On October 7, 2022, the U.S. government imposed export regulations restricting China’s access to semiconductor technology. In particular, the sanctions pertained to manufacturing equipment required in the production of 16nm/14nm or more advanced logic chips (FinFet, GAAFET), 18nm or more advanced DRAM chips, and NAND Flash with 128 or more layers. It’s evident that the U.S. intends to restrict China’s semiconductor manufacturing to 1Xnm. Moving forward, 28nm processes are likely to be included in the next set of regulations as some equipment used in manufacturing 28nm nodes can also be utilized in more advanced processes.
TrendForce predicts that upcoming U.S. export regulations will further focus on 28nm processes. Not only can 28nm manufacturing equipment be used in more advanced processes, but tight restrictions have forced Chinese companies to focus their efforts on expanding their 28nm operations. 28nm processes can be used to produce a large variety of other products: SoCs, ASIC AI chips, FPGAs, DRAMs, NAND Flash, ISPs, DSPs, Wi-Fi chips, RF components, Driver ICs, MCUs, CISs, DAC/ADC chips, PMICs, and other core components in a wide range of applications. If the U.S. allows Chinese companies to accelerate the expansion of their 28nm processes, China’s importance in the supply chain for terminal products will continue to climb — ultimately setting back the U.S’s efforts to decouple itself from China.
China still unable to fully manufacture 28nm chips domestically as expansion exhibits signs of slowing down
China cannot fully rely on domestic production for their 28nm semiconductors. If the U.S. chooses to move forward with restricting China’s access to 28nm manufacturing equipment, expansion will surely grind to a halt. China currently possesses equipment that is able to clean, backgrind, etch, and sediment for 16nm/14nm or more advanced processes. However, this is not enough for China to achieve semiconductor autonomy. Semiconductor manufacturing is relatively complicated as it involves thousands of processes; Chinese factories are only involved in a few of the processes — the majority of which depend on American and Japanese factories. All in all, with China’s semiconductor industry largely focused on 28nm/40nm and more mature processes, it will be difficult for them to achieve semiconductor autonomy for processes more advanced than 28nm by 2028.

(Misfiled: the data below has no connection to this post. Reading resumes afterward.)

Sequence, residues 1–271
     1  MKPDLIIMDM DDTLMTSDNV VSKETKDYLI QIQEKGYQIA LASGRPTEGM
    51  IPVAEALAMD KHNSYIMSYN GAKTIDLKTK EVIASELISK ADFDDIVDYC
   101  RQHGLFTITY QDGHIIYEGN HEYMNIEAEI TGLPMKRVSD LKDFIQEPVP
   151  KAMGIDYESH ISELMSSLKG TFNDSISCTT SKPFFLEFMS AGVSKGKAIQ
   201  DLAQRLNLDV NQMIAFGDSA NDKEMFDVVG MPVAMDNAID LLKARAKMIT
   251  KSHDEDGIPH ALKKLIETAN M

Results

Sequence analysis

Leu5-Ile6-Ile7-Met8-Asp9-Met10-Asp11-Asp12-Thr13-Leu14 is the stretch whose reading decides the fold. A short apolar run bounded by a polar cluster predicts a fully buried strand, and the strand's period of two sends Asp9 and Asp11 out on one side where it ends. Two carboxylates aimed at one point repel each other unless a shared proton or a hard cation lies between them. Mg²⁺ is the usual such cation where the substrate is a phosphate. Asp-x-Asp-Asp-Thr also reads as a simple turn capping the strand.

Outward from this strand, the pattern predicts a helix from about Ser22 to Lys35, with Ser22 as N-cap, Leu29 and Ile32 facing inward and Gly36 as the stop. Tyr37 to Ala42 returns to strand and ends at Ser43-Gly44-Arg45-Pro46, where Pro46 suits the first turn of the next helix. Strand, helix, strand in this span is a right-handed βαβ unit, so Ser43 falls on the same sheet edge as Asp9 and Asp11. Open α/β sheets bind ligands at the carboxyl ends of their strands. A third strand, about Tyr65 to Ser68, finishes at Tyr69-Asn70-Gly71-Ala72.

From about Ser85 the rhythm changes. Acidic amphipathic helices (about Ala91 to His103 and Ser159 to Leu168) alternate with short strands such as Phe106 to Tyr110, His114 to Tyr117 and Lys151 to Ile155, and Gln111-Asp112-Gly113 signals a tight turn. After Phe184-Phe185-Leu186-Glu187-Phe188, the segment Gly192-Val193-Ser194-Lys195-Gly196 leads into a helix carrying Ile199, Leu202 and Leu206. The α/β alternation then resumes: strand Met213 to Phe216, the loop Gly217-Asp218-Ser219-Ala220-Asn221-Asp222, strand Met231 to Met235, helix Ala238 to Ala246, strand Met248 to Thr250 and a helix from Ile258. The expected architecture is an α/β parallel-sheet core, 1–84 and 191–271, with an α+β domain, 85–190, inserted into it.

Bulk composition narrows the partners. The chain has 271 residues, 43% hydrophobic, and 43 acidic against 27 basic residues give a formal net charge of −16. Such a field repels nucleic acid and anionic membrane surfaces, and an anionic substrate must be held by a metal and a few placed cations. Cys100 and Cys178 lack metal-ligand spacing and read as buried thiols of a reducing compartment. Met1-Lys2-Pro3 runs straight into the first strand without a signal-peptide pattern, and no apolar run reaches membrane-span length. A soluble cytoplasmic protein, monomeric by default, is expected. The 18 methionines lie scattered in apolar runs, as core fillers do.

Thanks to the increased adoption of AMOLED panels by major smartphone brands including Apple and Samsung, the penetration rate of AMOLED panels in the smartphone market is expected to reach 39.8% in 2021 and 45% in 2022, according to TrendForce’s latest investigations. As AMOLED panels see increased adoption, the consumption of AMOLED DDI will undergo a corresponding increase as well. However, not only are the process technologies used for AMOLED DDI manufacturing currently in short supply, but some foundries are also yet to finalize their schedules for expanding their AMOLED DDI production capacities. Given the lack of sufficient production capacity, the increase in AMOLED panel shipment may potentially be constrained next year.